Making her debut as conductor, New Zealander Gemma New, whose grandmother was once an RSNO violinist, was the other crucial ingredient in the vibrancy of the music. A musician who clearly delights in the power and majesty of the symphony orchestra – and especially one garnished with extra instruments like saxophones – she drew superb work from everyone on stage.

Also making her RSNO debut was the night’s soloist, saxophonist Jess Gillam, and a dynamic duo the two certainly were on Gillam’s pair of pieces. Those came from the 1930s, in an exclusively 20thcentury programme: Glazunov’s Concerto for Alto Saxophone and Strings and Milhaud’s Scaramouche, which has given Gillam the theme music for her award-winning Radio 3 show, This Classical Life.

The sax may have been in its early years as a soloist in classical music, but both are splendid virtuoso pieces, the Milhaud arguably having the edge in its application of the possibilities of the instrument.

Colourful though Gillam and her music were, there was even more to come in this busy night. Mussorgsky’s Pictures at an Exhibition is a popular work in any of its incarnations and the RSNO enhanced the Ravel orchestration with actual picture-making by artist James Mayhew.

If there was a suspicion that all this might become a bit much, all credit goes to conductor, musicians and to Mayhew, who made the whole thing work so well. The work was as varied, big and bold as it can be, and the artistic skill with which it was illustrated, in time with the score, was quite remarkable.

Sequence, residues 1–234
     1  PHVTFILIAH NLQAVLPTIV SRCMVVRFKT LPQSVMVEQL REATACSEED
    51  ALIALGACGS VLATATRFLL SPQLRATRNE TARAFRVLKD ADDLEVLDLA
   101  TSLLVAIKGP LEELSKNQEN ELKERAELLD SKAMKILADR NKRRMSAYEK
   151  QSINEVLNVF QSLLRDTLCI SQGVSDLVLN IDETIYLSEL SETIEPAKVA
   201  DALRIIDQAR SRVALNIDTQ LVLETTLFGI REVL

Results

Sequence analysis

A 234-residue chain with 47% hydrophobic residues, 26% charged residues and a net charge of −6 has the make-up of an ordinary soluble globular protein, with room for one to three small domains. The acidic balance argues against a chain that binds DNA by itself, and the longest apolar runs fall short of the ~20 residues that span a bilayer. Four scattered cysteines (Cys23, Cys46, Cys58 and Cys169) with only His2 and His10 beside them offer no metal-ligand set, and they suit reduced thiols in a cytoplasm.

Using the titles from Viktor Hartmann’s works that the composer deployed in tribute to his friend, Mayhew created ten swift, literal, images of as much vibrancy and colour as the music. It was a multi-media triumph every bit as old-school as those car horns.

Keith Bruce

St Mary’s Christmas Concert

St Cuthbert’s, Edinburgh

At the start of 2022, VoxCarnyx was a partner in the campaign by St Mary’s Music School to inform the wider public, particularly in Edinburgh, of plans to transform the historic Royal High School at Calton Hill into a new home for itself and a public concert venue.

As the year comes to a close, approval for the development is in place and work will begin on the site next year. It is likely to be 2026 before the school has relocated from its current home in the west end of the city, but there was nonetheless a real sense of celebration at the school’s year-end concert that the 50th anniversary of St Mary’s starting instrumental teaching in Edinburgh has been marked by such a decisive step forward.

The younger pupils who performed on Monday evening – and the Junior Strings included a trio of girls from P5 – will see and soundtrack that move. Here they opened the instrumental programme with Corelli’s Christmas Concerto, a work paralleled by the Handel of the older players in the Early Music Group, directed by the Dunedin Consort’s Hilary Michael and featuring some round-toned oboe from Alasdair Cottee.